The professional networking platform showcases everything gone wrong with the attention economy

Anadolu Agency via Getty Images

A little over a year ago, as the severity of the Covid-19 pandemic began to sink in, people began losing their jobs. The losses were swift and historic, with a quarter of adults in the U.S. reporting they or someone in their household had been laid off by October 2020.

And while the hardest hit were those in the service industry — cooks, waiters, bartenders, cleaners, and hotel staff, to name a few — large numbers of “knowledge workers” also found themselves unemployed. College seniors, many of whom had hoped to begin careers in entry-level roles in fields like marketing…


Photo by Jordan Benton from Pexels

Some people dread deadlines. Me? I thrive on them. Call it a hefty dose of anxiety and a morbid fascination with the inexorable march of time, but nothing gets me jazzed like a fast-approaching deadline.

And believe me when I tell you, I’ve got a big one coming up!

A little over a decade ago, I sat myself down and wrote out exactly where I wanted to be in ten years’ time. It was a tough exercise, but as I sternly reminded myself at the time, “Goals are dreams with deadlines.”

Now, here we are — 2020 is drawing to…


Person standing on top of a building in the city
Person standing on top of a building in the city
Image via Pexels

How to Scale a Small Business

As a budding entrepreneur, you probably feel ready to take on the world — to scale a business that goes on to become wildly overvalued while exploiting loopholes in our nation’s labor laws.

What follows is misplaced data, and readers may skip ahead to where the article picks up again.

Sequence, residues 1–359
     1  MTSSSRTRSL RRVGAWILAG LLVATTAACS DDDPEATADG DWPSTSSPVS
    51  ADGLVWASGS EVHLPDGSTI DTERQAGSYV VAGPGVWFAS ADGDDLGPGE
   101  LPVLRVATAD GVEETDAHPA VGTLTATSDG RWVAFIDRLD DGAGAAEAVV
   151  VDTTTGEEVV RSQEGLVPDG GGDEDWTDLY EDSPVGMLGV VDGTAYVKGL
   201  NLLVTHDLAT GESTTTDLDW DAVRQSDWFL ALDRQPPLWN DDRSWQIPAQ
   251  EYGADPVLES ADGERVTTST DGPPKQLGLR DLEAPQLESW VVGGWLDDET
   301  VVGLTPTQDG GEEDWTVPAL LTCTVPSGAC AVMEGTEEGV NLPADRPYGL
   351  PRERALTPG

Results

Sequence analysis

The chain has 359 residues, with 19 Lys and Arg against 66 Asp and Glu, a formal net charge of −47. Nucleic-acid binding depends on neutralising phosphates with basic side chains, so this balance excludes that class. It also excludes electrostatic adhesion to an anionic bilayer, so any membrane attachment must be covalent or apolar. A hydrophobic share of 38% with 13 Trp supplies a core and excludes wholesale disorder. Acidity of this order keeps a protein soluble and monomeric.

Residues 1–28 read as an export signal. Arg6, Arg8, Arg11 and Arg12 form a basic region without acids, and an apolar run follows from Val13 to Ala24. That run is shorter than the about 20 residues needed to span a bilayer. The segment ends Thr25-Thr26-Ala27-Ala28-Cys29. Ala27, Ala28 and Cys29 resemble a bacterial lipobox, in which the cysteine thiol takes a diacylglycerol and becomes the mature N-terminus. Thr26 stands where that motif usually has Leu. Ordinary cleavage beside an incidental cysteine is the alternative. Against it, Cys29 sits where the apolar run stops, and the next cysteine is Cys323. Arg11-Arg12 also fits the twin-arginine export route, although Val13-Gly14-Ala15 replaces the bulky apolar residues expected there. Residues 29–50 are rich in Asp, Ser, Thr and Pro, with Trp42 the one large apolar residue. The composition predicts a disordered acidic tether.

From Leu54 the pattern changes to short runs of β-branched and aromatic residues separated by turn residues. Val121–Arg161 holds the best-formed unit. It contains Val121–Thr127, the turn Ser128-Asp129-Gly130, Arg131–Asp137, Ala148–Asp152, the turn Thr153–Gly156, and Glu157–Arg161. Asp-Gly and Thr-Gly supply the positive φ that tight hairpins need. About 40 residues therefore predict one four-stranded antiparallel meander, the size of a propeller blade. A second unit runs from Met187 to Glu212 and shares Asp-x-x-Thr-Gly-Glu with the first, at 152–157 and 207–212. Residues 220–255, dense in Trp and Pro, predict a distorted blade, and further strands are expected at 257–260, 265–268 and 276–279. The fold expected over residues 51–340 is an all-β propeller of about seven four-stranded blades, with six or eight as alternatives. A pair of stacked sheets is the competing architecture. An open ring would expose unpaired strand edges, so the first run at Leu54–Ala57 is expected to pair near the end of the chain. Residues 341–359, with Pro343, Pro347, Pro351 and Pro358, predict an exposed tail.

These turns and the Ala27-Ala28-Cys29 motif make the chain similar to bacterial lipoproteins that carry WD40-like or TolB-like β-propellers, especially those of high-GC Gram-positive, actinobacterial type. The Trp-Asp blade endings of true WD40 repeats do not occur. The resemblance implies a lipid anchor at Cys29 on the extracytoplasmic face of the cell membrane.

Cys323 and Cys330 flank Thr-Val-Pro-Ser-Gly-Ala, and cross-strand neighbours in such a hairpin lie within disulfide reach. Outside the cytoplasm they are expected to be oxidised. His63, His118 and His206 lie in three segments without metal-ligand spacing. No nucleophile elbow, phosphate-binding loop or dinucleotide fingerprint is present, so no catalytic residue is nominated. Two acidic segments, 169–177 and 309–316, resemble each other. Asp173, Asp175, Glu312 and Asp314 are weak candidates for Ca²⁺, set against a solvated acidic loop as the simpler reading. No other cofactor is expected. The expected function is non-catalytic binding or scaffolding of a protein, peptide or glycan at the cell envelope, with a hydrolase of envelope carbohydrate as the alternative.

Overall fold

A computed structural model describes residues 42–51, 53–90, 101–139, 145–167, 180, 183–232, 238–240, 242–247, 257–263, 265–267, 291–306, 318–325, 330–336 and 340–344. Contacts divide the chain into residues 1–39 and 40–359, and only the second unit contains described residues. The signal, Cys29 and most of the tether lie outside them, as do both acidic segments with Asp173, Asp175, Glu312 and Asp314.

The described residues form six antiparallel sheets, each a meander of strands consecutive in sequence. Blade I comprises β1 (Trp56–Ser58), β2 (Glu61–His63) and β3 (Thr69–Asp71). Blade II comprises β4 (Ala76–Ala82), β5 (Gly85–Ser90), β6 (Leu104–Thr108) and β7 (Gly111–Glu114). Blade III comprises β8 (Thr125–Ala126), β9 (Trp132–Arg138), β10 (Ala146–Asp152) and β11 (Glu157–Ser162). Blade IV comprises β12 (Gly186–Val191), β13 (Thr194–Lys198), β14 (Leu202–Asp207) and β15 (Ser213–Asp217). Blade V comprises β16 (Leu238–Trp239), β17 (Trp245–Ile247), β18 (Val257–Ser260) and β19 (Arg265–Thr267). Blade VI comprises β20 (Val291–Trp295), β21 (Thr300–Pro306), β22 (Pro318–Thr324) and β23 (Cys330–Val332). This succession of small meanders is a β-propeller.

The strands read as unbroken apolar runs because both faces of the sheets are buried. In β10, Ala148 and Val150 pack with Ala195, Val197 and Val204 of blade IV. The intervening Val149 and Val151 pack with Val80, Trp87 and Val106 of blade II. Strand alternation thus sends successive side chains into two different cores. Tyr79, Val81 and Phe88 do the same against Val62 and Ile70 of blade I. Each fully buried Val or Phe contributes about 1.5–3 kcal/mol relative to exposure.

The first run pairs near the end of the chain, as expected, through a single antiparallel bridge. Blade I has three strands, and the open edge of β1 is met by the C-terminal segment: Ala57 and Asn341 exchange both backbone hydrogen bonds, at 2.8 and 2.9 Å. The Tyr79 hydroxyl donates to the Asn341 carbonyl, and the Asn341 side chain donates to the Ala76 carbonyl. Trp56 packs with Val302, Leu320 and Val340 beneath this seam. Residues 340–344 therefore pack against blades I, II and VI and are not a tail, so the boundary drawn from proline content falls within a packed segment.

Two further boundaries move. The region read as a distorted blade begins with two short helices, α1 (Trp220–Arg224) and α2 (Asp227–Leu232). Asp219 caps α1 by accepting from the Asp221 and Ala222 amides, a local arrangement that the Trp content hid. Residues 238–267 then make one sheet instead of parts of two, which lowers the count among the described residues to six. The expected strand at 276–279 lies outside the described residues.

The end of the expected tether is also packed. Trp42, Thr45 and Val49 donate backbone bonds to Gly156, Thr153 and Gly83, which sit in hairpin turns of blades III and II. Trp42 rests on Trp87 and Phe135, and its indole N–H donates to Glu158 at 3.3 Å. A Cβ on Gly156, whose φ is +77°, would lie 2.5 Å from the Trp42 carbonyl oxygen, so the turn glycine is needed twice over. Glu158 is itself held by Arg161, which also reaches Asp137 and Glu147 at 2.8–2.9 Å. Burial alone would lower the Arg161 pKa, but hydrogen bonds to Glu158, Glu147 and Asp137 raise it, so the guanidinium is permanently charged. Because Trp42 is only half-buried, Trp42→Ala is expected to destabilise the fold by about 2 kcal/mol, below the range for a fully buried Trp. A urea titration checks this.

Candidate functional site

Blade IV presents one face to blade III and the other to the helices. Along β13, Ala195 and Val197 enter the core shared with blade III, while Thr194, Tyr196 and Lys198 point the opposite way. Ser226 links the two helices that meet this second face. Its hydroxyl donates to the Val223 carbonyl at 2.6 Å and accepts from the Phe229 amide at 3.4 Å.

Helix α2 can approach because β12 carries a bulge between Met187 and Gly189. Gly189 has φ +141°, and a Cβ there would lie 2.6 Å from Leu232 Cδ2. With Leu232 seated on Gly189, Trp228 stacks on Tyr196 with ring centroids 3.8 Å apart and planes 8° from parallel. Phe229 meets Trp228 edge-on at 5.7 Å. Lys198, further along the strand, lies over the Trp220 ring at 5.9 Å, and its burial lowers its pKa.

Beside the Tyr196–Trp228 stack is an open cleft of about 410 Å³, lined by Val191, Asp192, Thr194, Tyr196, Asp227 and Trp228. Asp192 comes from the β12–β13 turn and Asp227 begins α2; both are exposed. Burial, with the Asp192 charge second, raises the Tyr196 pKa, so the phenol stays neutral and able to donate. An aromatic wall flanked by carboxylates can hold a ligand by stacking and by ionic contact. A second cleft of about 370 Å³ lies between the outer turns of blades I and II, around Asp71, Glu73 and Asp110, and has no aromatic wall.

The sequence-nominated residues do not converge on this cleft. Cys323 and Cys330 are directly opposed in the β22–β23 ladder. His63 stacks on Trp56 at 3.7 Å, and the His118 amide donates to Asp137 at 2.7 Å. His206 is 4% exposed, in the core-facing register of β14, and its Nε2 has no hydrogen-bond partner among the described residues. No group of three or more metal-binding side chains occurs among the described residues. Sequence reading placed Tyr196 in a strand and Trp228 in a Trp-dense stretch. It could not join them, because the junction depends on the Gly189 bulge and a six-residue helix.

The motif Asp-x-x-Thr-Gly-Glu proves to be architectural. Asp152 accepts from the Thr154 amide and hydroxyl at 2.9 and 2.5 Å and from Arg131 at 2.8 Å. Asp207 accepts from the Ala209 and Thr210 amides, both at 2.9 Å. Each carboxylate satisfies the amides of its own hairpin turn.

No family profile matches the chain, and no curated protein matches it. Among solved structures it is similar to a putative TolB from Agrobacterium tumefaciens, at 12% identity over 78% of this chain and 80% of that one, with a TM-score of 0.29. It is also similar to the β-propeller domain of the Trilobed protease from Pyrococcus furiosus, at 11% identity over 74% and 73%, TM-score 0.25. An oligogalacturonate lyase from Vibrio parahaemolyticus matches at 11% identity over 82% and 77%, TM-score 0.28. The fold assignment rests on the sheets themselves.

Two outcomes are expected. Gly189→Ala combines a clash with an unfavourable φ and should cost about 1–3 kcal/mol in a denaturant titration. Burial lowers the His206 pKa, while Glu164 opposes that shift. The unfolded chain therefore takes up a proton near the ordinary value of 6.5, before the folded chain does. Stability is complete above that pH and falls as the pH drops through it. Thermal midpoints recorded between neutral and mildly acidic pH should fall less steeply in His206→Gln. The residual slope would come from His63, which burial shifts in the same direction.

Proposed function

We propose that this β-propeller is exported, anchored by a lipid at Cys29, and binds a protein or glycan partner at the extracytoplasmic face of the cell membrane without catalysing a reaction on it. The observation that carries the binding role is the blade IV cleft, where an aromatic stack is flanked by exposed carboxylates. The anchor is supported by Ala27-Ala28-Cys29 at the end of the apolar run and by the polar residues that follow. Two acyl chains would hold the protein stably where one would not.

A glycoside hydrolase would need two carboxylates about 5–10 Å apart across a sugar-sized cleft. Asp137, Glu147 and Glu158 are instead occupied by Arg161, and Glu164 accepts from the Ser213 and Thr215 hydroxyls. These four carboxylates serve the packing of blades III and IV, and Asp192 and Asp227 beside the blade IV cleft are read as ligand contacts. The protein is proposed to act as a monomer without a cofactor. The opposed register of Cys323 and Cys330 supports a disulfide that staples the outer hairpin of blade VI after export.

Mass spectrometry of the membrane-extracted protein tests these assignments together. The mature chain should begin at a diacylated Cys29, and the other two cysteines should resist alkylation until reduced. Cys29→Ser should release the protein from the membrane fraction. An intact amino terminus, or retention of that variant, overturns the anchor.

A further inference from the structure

But trust me, there will be plenty of time for all that later. For now, you’ll be better served by setting your sights on scaling a small business (one or two stories) with a lot of untapped potential.

When it comes to scaling your small business, your structure is everything. Ideally, you’re looking for an older building in a historic business district, something with a name like…


You’ll fly higher without it.

Genius Surrounded by a Banderole Showing the Alphabet, 1542. Sebald Beham. Courtesy of The Metropolitan Museum of Art

In A Hitchhiker’s Guide to the Galaxy, the machines on the spaceship Heart of Gold are programmed with Genuine People Personalities. These personalities run the gamut from the deeply depressed—Marvin the Paranoid Android—to the manically chipper—the ship’s central computer.

Neither are particularly pleasant to be around, but it’s the boundless need to help that makes the ship’s computer so agonizing to interact with.

“Hi there!” it said brightly and simultaeneously spewed out a tiny ribbon of ticker tape just for the record. The ticker tape said, Hi There!

“Oh God,” said Zaphod. He hadn’t worked with this computer for long…


The Forge of Vulcan, Johann Friedrich Greuter. Courtesy of the Met.

If Amy Webb is right, we should either be excited, alarmed, or terrified by the advance of artificial intelligence this century.

That uncertainty is built into the title of her latest book, The Big Nine: How the Tech Titans & Their Thinking Machines Could Warp Humanity. We could wind up warped, but Webb can’t predict the future — only model it.

The eponymous “Big Nine” with the power to deform humanity is divided into two groups: Google, Microsoft, Amazon, Facebook, IBM, and Apple in the U.S. — and Baidu, Alibaba, and Tencent in China. (Webb cheekily dubs them the G-MAFIA…


The Reader, by Eglon van der Neer
The Reader, by Eglon van der Neer